Profs Find Interpol's War on Terrorism Paying Off
Economic Statistical Model Show Agency Gained $200 for Every $1 Spent
Mar. 1, 2010
Interpol redefined its mission after 9/11 by committing a share of its worldwide resources to combating terrorism — and that effort appears to be paying off in a big way, UT Dallas researcher Dr. Todd Sandler said.
“According to our calculations, Interpol gets about $200 in gain for every $1 it spends on the fight against terrorism,” said Sandler, the Vibhooti Shukla professor of economics and political economy in UT Dallas’ School of Economic, Political and Policy Sciences. “That’s a big payback.”
These findings could affect how individual governments evaluate the return on investment for their own anti-terrorist programs and may encourage greater intelligence cooperation among nations, he said.
The study was written jointly with Dr. Daniel G. Arce, professor of economics at UT Dallas, and Dr. Walter Enders, professor of economics at the University of Alabama, and is scheduled to be published in the Journal of Law and Economics in February 2011.
The project looked at anti-terrorism activities within Interpol, also known as the International Criminal Police Organization. The authors gained unprecedented access to the agency’s records and used that data to determine how much money had been devoted to terrorism projects and how successful such efforts were.
The study used 12 alternative scenarios in assessing the value of Interpol’s activities. As economists, the authors sought to evaluate the net economic benefit of having fewer terrorists on the loose.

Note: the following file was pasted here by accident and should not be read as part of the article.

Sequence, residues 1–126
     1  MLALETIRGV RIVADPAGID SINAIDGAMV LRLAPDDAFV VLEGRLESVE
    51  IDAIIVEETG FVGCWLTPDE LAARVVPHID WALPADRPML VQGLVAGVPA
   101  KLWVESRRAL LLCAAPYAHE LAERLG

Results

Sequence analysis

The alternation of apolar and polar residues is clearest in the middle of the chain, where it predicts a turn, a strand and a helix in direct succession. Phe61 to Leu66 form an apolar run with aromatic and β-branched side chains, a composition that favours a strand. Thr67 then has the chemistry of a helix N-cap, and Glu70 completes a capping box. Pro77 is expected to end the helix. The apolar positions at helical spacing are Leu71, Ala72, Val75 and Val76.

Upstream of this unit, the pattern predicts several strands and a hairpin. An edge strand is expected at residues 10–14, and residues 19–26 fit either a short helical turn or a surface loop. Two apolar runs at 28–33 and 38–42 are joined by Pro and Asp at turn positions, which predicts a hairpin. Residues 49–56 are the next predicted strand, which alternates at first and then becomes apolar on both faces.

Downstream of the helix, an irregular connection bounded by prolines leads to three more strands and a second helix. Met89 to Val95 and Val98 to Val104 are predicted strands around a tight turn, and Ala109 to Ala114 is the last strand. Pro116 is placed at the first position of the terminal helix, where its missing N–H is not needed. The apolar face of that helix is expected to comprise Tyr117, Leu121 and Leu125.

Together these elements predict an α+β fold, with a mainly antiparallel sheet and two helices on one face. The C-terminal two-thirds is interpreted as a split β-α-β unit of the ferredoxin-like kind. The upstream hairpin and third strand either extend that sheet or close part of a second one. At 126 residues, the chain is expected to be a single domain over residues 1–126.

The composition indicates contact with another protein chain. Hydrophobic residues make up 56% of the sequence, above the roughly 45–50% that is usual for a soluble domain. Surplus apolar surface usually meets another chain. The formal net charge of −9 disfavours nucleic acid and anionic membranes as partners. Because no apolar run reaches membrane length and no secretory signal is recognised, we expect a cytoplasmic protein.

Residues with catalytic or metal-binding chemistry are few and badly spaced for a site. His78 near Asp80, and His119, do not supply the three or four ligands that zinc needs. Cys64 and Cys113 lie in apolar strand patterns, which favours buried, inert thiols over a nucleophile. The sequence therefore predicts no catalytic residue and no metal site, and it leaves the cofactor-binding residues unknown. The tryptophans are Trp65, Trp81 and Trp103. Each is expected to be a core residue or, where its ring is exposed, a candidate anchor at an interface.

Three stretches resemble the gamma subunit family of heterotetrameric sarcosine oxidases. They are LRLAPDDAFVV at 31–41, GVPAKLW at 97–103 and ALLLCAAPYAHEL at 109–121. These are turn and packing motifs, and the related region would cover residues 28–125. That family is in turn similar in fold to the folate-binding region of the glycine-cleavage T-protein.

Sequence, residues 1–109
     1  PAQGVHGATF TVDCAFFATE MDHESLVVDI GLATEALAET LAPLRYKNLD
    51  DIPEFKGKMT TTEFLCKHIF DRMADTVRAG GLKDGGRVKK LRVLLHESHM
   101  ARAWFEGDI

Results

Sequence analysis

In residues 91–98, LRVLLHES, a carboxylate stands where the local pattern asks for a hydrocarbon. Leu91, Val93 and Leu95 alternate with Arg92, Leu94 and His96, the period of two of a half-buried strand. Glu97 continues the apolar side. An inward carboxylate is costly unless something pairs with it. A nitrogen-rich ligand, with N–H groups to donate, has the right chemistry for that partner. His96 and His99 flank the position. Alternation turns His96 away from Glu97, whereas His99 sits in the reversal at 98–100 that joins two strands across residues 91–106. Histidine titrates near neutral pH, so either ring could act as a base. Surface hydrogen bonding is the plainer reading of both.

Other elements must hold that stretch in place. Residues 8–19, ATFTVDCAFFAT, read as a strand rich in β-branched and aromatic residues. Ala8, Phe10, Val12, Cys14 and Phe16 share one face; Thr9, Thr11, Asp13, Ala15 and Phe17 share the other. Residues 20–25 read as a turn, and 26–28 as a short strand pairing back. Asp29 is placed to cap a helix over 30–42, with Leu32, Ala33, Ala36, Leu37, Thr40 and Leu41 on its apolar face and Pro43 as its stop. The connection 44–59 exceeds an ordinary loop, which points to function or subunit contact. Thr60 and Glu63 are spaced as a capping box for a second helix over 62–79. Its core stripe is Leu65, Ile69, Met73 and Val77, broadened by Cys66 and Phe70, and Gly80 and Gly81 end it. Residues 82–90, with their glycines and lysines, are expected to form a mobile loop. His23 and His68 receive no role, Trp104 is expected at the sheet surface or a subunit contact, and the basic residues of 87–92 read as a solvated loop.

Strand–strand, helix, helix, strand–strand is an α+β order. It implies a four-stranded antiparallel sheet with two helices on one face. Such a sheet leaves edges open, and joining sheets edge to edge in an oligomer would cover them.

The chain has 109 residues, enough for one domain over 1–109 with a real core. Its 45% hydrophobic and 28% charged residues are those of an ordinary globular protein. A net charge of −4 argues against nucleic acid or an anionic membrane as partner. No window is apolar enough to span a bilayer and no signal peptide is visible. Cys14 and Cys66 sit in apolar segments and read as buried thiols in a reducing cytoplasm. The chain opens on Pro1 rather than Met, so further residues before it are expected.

They considered – and then attached dollar figures – to the number of lives lost, the amount of injuries and the estimated negative impact on a nation’s gross domestic product (GDP) after a terrorist event. They arrived at values based on a variety of sources. After 9/11, for example, the family of each victim killed in the attacks was paid $2 million by the U.S. government.
The authors used different conservative assumptions to get their values and then arrived at an average benefit-cost ratio for the agency. Based on past data, they assumed that the average terrorist event claims 1.1 lives and two to three injuries.
They then used an economic statistical model to account for GDP savings from fewer terrorist events owing to Interpol-assisted arrests by countries’ police forces. They translated arrests into fewer terrorist incidents based on alternative counterfactual assumptions – e.g., one arrest resulted in one fewer incident that year, or the arrest of an average-size attack force of four to six terrorists resulted in one fewer incidents that year.
The authors tried to ensure they were not overestimating the value of arrests. “If we had to make an assumption, we always lowered the benefit value or erred on the side of higher cost, in order to never overestimate the net payback from Interpol efforts,” Sandler said.
The Interpol budgets for anti-terrorist efforts in 2006 and 2007, the years studied, were $14 million and $17 million, respectively. If the average cost of a terrorist act is $5 million, then the agency needed to prevent only four acts during 2007 to more than pay back the budget cost. Arrests that occurred in cooperation with Interpol far exceeded that number, though the data doesn’t reveal whether any of those arrests would have been made without Interpol’s cooperation.